Ubuntu server remote file access

Kent Borg kentborg at borg.org
Tue Oct 1 12:58:46 UTC 2013

On 09/30/2013 04:02 PM, Colin Law wrote:
> The PC is at my home so normally no-one with evil intent has physical 
> access to it. If my PC is stolen then it will be by someone who wants 
> to sell it, not in order to gain access to my servers. Therefore there 
> is no benefit for me in adding a passphrase. For others the situation 
> is different of course. 

Physical access isn't the only risk. Any software running under your 
user ID can read that key file and send it off over the internet, right 
through your firewall, lickettysplit . Yes, if someone manages to root 
your machine they can sniff your keyboard while you type passwords, 
etc.  But doing elaborate stuff is a lot more work than doing simple 
stuff.  Looking in .ssh for keys is simple and doesn't require root.  
Kind of like the folks who will try a few hundred passwords on one of my 
ssh servers and then give up.  Easy is easier than hard.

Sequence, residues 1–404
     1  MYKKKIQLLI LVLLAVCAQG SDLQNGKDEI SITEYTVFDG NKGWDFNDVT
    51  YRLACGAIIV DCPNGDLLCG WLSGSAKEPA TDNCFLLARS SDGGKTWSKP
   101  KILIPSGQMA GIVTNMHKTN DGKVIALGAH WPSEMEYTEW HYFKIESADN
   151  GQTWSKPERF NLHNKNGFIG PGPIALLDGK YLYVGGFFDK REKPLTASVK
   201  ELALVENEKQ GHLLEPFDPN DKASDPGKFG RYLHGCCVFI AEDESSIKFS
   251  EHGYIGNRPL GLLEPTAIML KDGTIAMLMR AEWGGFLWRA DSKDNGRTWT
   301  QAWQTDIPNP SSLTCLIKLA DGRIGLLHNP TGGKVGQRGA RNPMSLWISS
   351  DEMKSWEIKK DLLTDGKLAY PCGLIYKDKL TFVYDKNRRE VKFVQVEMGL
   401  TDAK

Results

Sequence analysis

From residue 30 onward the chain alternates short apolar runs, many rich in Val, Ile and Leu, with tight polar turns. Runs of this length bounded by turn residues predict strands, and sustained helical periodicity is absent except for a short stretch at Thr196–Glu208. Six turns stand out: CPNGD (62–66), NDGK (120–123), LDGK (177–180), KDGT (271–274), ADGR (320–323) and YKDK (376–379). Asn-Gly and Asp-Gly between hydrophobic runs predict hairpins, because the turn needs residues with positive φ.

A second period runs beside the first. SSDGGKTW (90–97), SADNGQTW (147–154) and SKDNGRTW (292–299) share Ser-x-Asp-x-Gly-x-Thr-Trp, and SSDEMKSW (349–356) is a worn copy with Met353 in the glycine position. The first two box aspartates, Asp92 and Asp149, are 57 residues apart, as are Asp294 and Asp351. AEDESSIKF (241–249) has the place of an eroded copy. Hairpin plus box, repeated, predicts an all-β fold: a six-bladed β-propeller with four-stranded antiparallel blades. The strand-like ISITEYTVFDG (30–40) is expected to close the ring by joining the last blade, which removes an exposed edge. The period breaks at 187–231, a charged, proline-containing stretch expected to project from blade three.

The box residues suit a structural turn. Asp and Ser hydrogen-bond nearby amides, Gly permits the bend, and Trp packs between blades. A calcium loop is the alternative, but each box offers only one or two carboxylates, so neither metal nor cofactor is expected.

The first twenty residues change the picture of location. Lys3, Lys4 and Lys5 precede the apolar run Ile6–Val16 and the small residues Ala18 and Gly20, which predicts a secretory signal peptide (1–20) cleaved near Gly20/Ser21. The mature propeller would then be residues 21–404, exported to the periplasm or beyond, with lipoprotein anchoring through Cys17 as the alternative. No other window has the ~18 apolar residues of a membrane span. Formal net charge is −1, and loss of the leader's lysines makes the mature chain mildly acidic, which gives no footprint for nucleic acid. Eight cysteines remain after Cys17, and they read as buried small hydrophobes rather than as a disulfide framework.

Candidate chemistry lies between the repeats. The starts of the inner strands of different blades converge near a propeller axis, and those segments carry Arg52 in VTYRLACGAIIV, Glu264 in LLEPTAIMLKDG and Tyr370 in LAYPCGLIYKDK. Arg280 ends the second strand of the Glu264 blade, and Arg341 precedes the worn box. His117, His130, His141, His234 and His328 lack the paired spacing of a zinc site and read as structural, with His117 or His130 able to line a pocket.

Again, if you have thought through your circumstance and have decided 
what is right, cool.  But there are issues that can arise when looking 
at the larger system, independent of the cryptological strength of ssh's 
use of keys.

> My understanding is that from the point of view of a hacker probing
> random IP addresses and trying to break in, the keys are more secure.
> For most I believe that is the key point.

Unless there is a fundamental bug in ssh, it is not true that one is 
more secure than the other, period.

The ssh key does have the advantage that should start out strong (if 
generated on a working system with a good random number generator, etc.) 
whereas a password, if chosen by a human, could start out weak.  (Which 
is why I say passwords should have components that are determined by 
something truly random, not just something that seems obscure to a human.)

But once you have a good password or a good key, no one is going to get 
in by probing your system and making guesses.  The security becomes 
dependent on whether each is kept secret.  (Which is why I say passwords 
should not be reused on different sites.)

Yes, the use of passwords hinges on choosing strong passwords and 
keeping them secret.  But whether you use ssh keys or not, you likely 
still have other passwords in your life, you should choose strong ones 
and keep them secret.  Most people both choose weak passwords and do not 
keep them secret.  In the face of that, a lot of other worries seem trivial.


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